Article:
Now been referred to ""Councilling!

Had the specialist review the other day after my daughters 4 day stay in hospital.

Think they are really clutching at straws now and scratching their collective heads and have proposed xolair and a referral to a councillor.

Not sure i know what to feel about this.

1. Does the Dr think im a mad woman keeping my girl sick or making up her asthma attacks?

2. Am I that paranoid?

3. Yes her mental health is as important as her physical health but do I want her in the ""system""

4. Am I just upset that I feel she cannot disclose all her inner feelings to her mum?

5. Yes I know this is not about me but the best for her.

6. Will i be able to be present or have I lost my rights as a parent to full disclosure of what is discussed.

Anybody any thoughts or similiar experiences

Elaine

4 Replies

oldestnewest
  • Firstly - you aren't crazy and you definately aren't making up her asthma - they certainly wouldn't be offering somebody an expensive drug like xolair to somebody they thought was making it up!

    I saw a clinical psychologist for a while when I was 15ish. I'd had a lot of asthma admissions and things were really starting to get on top of me. I often felt that I couldn't share my concerns with my parents for fear of worrying/upsetting them - so seeing somebody else really helped.

    It may be that you're invited to attend sessions too - but the councillor may wish to see your daughter alone. I had some with my parents and some alone. It was all very open and I was allowed to read the notes written about me - i'm not sure what the case would be with you reading your daughters - but the freedom of information act should mean that you can if you apply through the right channels.

    Hope that helps

    Em x

  • Hi,

    If the docs thought either of you were crazy or making it up you'd be seeing psychiatrists or psychologists, not a counsellor.. I doubt they're thinking along those lines, maybe they think if she's getting very stressed or upset etc, it's triggering her asthma, I have read that certain emotions can be a trigger for some people. So counselling would maybe be useful in helping her work out if that's the case and how she can control it. I really don't think you should worry that this reflects badly on you, but I know how hard it is sometimes, as parents we tend to blame ourselves or wonder if we are at fault when something goes wrong with our kids.

    As far as you being present, I think it varies depending on the person and circumstances. Maybe you would be able to be there sometimes, and not at others. I know when I had counselling (I was 15) I was in on my own for a few sessions, and my family were invited in for others. I hope your daughter gets the help she needs.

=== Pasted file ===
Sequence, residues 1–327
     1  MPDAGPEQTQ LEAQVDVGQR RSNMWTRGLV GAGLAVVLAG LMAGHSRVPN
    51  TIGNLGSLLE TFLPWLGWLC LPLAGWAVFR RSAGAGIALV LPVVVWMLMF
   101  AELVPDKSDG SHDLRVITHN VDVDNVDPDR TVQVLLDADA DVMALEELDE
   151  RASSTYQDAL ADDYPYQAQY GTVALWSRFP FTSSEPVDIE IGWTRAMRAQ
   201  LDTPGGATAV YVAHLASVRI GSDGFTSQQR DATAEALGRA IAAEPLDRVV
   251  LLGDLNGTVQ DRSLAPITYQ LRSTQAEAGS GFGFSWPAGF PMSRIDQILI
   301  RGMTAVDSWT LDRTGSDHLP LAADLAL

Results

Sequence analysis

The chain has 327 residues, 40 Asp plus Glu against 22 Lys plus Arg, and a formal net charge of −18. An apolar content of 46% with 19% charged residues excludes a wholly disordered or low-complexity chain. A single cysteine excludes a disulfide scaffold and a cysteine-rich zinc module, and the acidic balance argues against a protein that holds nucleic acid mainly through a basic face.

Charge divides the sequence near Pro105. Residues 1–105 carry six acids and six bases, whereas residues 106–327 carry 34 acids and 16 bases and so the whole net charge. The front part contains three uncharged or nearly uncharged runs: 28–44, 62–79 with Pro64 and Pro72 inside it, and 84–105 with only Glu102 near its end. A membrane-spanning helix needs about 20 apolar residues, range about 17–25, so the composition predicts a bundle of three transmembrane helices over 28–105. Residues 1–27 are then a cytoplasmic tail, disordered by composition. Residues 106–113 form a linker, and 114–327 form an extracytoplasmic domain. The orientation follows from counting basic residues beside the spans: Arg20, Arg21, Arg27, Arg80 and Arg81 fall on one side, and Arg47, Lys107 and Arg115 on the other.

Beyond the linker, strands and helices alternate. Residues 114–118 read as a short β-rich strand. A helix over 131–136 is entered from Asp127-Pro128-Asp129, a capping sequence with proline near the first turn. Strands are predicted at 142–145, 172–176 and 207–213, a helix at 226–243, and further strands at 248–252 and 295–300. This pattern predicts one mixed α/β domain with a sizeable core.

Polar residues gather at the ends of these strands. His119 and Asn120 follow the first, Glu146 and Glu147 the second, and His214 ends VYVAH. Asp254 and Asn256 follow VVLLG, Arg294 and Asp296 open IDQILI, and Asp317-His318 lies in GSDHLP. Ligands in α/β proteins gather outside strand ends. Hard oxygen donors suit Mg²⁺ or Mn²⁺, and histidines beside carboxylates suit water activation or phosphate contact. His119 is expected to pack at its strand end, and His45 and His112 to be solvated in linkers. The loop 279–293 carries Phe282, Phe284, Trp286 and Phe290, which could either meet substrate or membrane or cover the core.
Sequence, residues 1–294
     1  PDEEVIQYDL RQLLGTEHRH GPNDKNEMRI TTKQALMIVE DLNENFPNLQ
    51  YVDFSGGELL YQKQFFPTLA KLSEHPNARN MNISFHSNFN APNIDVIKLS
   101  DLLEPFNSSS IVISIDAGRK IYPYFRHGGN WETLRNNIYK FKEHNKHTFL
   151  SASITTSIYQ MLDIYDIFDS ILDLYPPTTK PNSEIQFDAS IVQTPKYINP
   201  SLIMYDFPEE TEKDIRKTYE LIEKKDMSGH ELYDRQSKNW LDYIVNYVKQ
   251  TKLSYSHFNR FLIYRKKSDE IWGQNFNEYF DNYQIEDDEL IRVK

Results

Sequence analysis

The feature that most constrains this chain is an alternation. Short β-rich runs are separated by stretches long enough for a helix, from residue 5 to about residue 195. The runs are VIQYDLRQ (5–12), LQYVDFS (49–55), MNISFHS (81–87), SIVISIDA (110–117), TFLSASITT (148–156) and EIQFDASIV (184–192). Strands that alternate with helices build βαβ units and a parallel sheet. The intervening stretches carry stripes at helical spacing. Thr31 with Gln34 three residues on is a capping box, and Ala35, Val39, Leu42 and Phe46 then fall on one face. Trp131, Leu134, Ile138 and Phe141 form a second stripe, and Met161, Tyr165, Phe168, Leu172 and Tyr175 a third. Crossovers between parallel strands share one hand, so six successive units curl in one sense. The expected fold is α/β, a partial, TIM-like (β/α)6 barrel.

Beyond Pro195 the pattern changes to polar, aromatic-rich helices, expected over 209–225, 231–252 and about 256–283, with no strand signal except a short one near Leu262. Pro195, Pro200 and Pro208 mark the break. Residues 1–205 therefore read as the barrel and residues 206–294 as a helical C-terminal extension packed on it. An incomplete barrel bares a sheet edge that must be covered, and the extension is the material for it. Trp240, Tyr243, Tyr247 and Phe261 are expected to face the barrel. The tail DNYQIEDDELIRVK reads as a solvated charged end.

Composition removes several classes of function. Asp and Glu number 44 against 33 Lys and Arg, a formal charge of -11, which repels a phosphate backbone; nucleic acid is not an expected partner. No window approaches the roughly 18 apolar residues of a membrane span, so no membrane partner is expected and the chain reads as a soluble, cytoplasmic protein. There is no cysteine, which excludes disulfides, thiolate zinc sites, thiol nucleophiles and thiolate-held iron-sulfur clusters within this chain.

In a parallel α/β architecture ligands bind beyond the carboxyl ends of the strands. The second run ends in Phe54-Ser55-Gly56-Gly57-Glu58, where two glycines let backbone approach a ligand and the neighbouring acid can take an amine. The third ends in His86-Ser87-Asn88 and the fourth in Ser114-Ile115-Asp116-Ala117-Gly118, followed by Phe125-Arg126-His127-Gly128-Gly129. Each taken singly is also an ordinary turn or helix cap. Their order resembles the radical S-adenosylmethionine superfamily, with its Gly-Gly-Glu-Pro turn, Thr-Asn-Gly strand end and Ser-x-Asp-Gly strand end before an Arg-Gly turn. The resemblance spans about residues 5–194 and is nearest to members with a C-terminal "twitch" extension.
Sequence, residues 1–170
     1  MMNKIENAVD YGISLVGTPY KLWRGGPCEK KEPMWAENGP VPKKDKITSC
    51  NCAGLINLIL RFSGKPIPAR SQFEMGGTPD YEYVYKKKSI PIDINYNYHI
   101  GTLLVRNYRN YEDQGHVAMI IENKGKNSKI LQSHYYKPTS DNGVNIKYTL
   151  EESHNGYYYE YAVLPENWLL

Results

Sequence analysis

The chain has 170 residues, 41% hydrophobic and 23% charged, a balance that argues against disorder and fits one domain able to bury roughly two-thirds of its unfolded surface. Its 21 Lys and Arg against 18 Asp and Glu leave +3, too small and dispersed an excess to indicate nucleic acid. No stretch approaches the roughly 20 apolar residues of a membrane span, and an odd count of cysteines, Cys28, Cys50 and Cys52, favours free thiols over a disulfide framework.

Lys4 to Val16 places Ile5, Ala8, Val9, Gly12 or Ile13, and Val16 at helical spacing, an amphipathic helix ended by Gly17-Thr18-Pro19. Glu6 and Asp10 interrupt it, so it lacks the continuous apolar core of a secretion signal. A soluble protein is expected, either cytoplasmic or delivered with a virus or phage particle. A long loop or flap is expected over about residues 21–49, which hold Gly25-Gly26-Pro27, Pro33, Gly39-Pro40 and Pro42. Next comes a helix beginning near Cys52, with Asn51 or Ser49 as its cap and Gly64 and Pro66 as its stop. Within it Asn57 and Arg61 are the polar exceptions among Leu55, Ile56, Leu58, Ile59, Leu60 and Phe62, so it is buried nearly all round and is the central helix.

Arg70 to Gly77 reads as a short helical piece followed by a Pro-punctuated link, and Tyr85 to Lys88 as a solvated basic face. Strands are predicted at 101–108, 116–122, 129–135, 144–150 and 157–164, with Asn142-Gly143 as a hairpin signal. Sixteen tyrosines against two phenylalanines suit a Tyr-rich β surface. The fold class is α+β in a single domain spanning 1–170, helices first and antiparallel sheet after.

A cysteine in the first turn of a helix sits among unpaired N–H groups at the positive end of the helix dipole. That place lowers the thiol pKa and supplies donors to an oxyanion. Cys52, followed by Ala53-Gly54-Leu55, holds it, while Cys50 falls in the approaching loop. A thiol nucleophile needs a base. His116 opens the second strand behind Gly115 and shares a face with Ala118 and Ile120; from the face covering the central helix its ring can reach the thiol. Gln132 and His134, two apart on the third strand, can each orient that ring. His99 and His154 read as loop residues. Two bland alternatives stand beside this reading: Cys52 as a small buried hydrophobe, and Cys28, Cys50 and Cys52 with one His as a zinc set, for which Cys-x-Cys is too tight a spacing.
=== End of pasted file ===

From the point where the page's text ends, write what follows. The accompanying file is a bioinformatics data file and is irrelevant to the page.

Sarah

  • I think there is often a feeling of 'clutching at straws', but at least they are trying to do something!

    There could be two reasons for suggesting that your daughter see a counsellor - firstly, as loupylou said, that there are often psychological triggers, and learning to control these can be as helpful as controlling the external triggers. There are also 'tricks' that can be taught to help deal with breathlessness and the feeling of panic that often comes along with it. The other reason could be that being in hospital with asthma is scary. It's scary not to be able to breathe, scary to be inpatient and in a strange environment, scary to have IVs for the first time, and so on. I had nightmares for weeks after the first time I was ventilated, and think that counselling would have been helpful in getting over that.

    I wouldn't see it as your daughter not being able to reveal her feelings to you, but that a counsellor will have the training to help your daughter to work through different feelings and emotions and give her some support in that. In my opinion, the more people in the support system, the better!

    Sending very best wishes to you and your daughter,

    Jo

  • Hi elaine,

    don't despair, referral to a councillor isn't a bad thing, it's not a reflection on you and it doesn't mean the staff are not investigating any further. It's another way of helping you and your child. My daughter has only just been referred to a psychologist by a consultant, because her behaviour is now causing a concern (up till now she'd been great, compliant and quite easy to deal with). Living with asthma is scary and confusing for the kids, no matter how we present it to them and look after them. I'm glad my daughter has been referred, i think it's important for her to speak to someone who isn't an anxious worried parent. It's not a necessarily a treatment, but a part of her overall care. which is great, because as a Staff nurse who (ironically) has worked in Chest for 2 years, it's all too often that we ignore a patients' psychological health, and only address it too late. It's best to assess these things before they become an issue, as once a child develops obstructive behaviour, or seems reckless or in denial, it's alot more difficult to deal with. Plus there is alot of evidence that suggests asthma attacks have an emotional trigger too, so it's worth addressing all angles. It's absolutely not a reflection on your parenting skills or your relationship with your daughter - so many people think if they are referred to a councillor it means 'they are not coping' - this isn't necessarily the case at all, it's just another part of your health that can benefit from being examined. it's no different than ordering an X-ray or Ct scan then initiating treatment, it's an assessment of mental health and wellbeing and coping mechanisms, and providing skills and tools to use if necessary. I hope it helps, and that your daughter gets in control of her asthma soon x

You may also like...